Bringing ideas to life

Foucault and academic leadership in Taiwan: A BERA2103 blog post

Published in Foucault, Research Students by Yen-Hung Lin on May 29, 2013

Alma Mater statue, University of Illinois (c) Kevin Dooley

This is the second post linked to the event: BERA 2013 Conference: Social Theory and Education SIG papers – the paper is entitled:

BERA2013 paper: From Decontextualisation to Contextualisation – the Discursive Formation of ‘Technology Leadership’ in Taiwan’s Academic Field

Does the growing knowledge production derived from academic fields profoundly and intellectually outline the processes of interpenetration between subjects and objects in our living world? Or to put it differently, would that also represent another political space within a broader set of power-filled dynamics constituted by academics and certain regimes of practice? Having spent much of the past six years being a post-graduate student in Taiwan’s academic fields, I am constantly being perplexed by the above question while witnessing the ‘detachment’ between academic publications and schooling practice, and therefore becoming sceptical about the construction of knowledge.

Three major concerns moving among subject, object and knowledge direct my attention to how the knowledge in educational studies is being discursively, socially and collectively constructed in multiple fields, which are: 1) moral and political issues between researcher and researched, in which schooling practice might eventually become objects being enslaved and consumed by academia; 2) academics are being reformed as subjects in the regime of performativity; 3) the gap between the research participant’s daily practice and the researcher’s interpretive retelling of a textual work about practice. As situated in the growth industry of leadership by adjective, the linear development of knowledge production, consumption and dissemination demands concerns while a gap appears between discourse and practice, especially when the Eastern academics are embedded within the complexity between ‘global/local’ and ‘theory/practice’. For this, another post-structuralism perspective might be needed in order to make sense of this politics of language in knowledge production.

Bearing the ‘detachment’ between academic publications and schooling practice in mind, the main focus of this study is trying to understand how was such a decontextualised educational leadership theory being contextualised in Taiwan’s academic fields, if the linkage between textual practice in academia and practice in schools was not clearly visible? In order to unpack the process of recontextualisation, this study will take ‘technology leadership’ as an example, which was imported from United States and continually produced in Taiwan’s academic fields since 2006, and in particular analyse the discursive formation in dissertations from 2006 to 2012 by applying Foucault’s archaeological method. To state this in a less dramatic and more familiar way, I am attempting to explore the ways in which a language game is deployed and displaced, and certain rules determine how statements are emerged, circulated, repeated, transformed, preserved, and forgotten.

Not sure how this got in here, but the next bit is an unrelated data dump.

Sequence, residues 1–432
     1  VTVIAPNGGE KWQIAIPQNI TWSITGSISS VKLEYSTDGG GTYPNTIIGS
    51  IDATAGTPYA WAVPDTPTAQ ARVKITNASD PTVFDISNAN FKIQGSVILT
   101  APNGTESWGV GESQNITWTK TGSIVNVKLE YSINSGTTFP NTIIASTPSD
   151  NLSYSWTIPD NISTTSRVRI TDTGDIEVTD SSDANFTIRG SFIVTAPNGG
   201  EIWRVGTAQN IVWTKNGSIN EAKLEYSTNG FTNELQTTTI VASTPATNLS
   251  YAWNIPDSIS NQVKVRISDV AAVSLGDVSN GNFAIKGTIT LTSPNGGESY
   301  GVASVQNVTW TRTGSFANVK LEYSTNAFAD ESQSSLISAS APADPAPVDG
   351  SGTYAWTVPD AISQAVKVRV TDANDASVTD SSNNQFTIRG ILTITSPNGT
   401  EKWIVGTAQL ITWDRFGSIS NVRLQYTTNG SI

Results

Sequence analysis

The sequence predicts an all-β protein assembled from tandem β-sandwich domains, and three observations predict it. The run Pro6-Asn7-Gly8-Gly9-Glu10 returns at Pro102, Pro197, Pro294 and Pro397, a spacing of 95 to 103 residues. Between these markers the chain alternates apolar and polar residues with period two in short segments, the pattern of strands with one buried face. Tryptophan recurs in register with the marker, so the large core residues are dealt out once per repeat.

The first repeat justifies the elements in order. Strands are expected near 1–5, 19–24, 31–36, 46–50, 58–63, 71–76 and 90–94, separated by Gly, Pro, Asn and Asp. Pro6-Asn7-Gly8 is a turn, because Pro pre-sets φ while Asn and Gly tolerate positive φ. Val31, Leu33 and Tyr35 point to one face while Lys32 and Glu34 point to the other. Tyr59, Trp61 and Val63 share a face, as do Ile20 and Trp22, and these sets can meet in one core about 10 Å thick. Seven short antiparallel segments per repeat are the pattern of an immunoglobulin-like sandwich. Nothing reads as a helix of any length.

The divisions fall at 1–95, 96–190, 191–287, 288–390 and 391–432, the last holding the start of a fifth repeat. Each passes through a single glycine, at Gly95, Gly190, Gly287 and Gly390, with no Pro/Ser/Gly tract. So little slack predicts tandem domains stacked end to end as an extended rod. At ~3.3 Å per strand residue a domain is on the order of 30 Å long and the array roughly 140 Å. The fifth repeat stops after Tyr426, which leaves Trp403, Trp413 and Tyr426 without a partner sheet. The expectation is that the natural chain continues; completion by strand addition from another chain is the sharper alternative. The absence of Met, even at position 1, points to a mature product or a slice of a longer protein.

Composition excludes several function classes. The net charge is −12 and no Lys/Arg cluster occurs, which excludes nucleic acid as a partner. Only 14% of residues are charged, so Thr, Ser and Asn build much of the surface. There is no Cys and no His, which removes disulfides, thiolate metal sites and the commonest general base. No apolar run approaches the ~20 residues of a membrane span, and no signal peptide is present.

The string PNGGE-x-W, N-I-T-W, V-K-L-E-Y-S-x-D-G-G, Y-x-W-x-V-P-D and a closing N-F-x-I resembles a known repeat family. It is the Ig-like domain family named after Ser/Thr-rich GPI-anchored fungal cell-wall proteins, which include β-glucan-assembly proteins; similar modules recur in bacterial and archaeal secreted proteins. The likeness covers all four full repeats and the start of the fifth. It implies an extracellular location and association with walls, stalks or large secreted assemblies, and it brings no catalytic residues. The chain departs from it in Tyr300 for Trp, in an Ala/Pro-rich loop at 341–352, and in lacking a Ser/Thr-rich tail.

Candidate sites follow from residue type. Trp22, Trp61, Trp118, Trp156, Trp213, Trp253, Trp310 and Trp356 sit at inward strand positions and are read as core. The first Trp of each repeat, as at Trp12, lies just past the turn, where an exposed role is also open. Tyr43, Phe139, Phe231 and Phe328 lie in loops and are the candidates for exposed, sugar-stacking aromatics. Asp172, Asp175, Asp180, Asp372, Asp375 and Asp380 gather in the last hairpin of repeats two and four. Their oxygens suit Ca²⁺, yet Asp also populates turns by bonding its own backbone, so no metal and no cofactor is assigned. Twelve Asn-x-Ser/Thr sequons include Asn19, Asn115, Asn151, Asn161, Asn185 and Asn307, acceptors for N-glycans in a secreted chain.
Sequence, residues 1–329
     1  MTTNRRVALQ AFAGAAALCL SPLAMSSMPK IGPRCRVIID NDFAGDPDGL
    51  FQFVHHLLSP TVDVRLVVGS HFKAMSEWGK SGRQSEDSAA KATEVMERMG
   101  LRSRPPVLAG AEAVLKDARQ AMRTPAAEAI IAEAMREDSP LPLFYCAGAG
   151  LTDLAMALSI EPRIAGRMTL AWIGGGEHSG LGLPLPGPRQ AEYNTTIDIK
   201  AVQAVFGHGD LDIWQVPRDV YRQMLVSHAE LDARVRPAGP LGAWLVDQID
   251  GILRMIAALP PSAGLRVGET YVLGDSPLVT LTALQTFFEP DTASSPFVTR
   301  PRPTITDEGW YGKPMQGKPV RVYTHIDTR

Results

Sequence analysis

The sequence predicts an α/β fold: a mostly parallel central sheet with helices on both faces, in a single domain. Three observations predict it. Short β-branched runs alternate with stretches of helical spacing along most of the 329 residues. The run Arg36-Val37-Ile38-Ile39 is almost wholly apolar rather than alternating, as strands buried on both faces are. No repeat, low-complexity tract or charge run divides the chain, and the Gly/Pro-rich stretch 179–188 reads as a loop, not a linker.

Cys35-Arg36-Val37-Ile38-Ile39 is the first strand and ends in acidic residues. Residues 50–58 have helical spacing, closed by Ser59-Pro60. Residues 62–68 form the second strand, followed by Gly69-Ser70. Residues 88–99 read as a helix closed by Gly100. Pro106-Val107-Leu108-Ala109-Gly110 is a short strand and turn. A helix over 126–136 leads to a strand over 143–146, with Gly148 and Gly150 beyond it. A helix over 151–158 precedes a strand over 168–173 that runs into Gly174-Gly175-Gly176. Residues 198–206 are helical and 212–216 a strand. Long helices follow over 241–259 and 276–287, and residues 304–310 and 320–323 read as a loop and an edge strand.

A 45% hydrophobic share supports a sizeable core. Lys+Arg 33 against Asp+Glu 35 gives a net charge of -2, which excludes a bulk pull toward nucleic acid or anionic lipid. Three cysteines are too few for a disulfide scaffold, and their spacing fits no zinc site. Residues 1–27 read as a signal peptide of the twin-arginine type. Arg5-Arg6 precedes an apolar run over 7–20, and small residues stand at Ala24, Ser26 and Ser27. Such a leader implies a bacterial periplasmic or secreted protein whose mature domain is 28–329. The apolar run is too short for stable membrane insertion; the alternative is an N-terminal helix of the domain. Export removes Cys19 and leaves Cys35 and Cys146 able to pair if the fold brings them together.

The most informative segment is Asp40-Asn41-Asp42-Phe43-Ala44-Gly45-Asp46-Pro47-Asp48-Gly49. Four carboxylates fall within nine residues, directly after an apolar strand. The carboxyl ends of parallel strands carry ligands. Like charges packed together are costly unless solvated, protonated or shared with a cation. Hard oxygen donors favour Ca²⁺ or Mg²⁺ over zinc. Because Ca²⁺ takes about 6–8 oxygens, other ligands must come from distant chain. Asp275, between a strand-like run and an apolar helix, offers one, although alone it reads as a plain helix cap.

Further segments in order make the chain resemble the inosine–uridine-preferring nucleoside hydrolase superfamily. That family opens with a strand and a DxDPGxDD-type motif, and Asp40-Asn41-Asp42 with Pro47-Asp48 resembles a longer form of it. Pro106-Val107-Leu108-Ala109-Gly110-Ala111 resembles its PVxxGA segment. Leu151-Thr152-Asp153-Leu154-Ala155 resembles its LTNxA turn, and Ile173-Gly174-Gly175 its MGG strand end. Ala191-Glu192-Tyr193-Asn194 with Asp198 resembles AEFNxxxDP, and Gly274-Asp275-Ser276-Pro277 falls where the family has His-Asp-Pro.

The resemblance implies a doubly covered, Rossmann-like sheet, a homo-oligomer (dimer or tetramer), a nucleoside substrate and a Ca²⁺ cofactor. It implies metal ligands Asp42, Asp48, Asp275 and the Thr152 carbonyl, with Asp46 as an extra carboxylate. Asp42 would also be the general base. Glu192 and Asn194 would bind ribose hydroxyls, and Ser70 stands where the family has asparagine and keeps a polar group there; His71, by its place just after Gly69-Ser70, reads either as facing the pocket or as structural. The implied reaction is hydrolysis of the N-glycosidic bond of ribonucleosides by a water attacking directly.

The purpose of this study does not lie in undermining the rationality and legitimacy of leadership theories. Rather, it is expected to identify/produce another post-structuralist approach to look at how the social reality is filtered as so-called knowledge – Yen-Hung Lin


Yen-Hung LinI’m a first year PhD student studying at the Institute of Education, University of London, and my supervisor is Stephen Ball. A unifying objective that crosses all of my research has been to develop a broad but coherent set of ideas as regards the interplay between agency and structure, and discourse in/as practice. In addition, I am also interested in drawing upon diverse theoretical, conceptual and methodological insights deriving from social theories, in particular from Michael Foucault and Pierre Bourdieu. Currently, I am trying to look at the production of heterotopias within dynamics between formal and cram schooling in Taiwan. I can be contacted by email at or you can follow me on my website:

Post your comments

Your email address will not be published. Required fields are marked *